The California Court of Appeal ruled late on Nov. 22 that District Attorney Tony Rackauckas and his staff prosecutors have repeatedly proven themselves ethically unfit to handle basic criminal justice system duties in a pending death penalty case, People v. Scott Dekraai, and rejected Attorney General Kamala Harris’ defense of the cheating as “nonsense.”
In a stern 53-page opinion, the three-justice panel—Kathleen O’Leary, Richard Fybel and Raymond Ikola—took their judicial gavels and figuratively slammed them against Rackauckas’ thick skull to send a message the 73-year-old DA hoped he’d never hear: Your cheating, alliances with dirty sheriff’s deputies, lack of remorse and efforts to pose as a victim of alleged devious defense lawyers and warped journalists will not be tolerated.
The justices left no room for Rackauckas to spin his way out of this latest historic embarrassment after an alarmed Superior Court Judge Thomas M. Goethals recused him from Dekraai in March 2015. They noted that the DA’s misconduct in the ongoing Orange County Jailhouse informant scandal went “well beyond simply distasteful or improper” but is “real” and, to punctuate their sentiment, “grave.”
“The magnitude of the systemic problems cannot be overlooked,” the ruling states. “The record before us demonstrates that from the outset, the Orange County district attorney’s office (OCDA) failed in its duty as the primary county prosecutor to supervise its prosecution team, specifically the Orange County Sheriff’s Department (OCSD), and ensure its prosecutors and its law enforcement team complied with its constitutional and statutory obligations.”
According to the appellate justices, OCDA’s “cozy relationship” with sheriff’s deputies operating secret unconstitutional schemes against pre-trial defendants, committing perjury and hiding evidence is a major factor in the scandal.
“The OCDA’s primary function is to prosecute crimes in Orange County,” the justices wrote. “In that capacity, it must exercise its vast discretion justly and fairly to ensure every defendant is treated fairly, regardless of the severity of the charged offenses. Here, the evidence demonstrated the OCDA had an interest extraneous to its official duties—it’s loyalty to the OCSD and its desire to protect the OCSD at the expense of Dekraai’s constitutional and statutory rights. This abdication of the OCDA’s fiduciary duty violated Dekraai’s due process rights.”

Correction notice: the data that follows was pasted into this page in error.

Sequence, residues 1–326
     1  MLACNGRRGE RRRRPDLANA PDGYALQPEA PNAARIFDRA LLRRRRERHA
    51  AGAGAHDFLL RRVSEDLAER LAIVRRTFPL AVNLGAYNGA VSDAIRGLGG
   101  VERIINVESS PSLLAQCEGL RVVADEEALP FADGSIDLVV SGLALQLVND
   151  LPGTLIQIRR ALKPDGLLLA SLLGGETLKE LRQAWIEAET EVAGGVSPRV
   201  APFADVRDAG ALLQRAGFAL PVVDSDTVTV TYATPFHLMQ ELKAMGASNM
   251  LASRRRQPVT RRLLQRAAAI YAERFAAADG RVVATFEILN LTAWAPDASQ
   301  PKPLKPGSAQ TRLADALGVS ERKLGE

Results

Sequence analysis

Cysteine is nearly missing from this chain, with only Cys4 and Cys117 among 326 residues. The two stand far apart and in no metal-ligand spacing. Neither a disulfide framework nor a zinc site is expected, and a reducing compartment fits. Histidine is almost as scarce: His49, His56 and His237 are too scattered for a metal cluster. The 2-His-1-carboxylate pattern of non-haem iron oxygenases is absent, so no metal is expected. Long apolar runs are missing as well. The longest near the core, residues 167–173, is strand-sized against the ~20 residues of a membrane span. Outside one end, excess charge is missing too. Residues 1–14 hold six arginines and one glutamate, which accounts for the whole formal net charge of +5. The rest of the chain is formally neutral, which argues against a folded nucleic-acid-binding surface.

If the appellate ruling remains intact, the state AG’s office will assume penalty phase responsibilities against Dekraai, who committed the worst mass shooting in county history in Oct. 2011 at a Seal Beach salon with numerous victims: Victoria Buzzo, David Caouette, Randy Lee Fannin, Michele Daschbach, Michelle Marie Fournier, Lucia Bernice Kondas, Laura Webb, Christy Lynn Wilson and Hattie Stretz.
Though the defendant immediately confessed, law enforcement officials took a slam-dunk case and unnecessarily began cheating behind the scenes within hours in hopes of assuring a death penalty punishment.
“Throughout her briefs the Attorney General [through her agency representative, Theodore M. Cropley] claims all the fault lies with the OCSD, and the OCDA is not to blame for the custodial [confidential informant, or CI] program OCSD operated in the OC jails,” the justices observed. “[But] there is no legitimate reason for the OCSD to create and maintain such a sophisticated, synchronized and well-documented CI program other than to obtain statements that will benefit prosecutions.”
The ruling singled out Rackauckas, OCDA chief of staff Susan Kang Schroeder, Dekraai prosecutors Dan Wagner and Scott Simmons as well as jail deputies Seth Tunstall and Ben Garcia plus Seal Beach Police Department detective Gary Krogman for playing significant unethical roles in the scandal.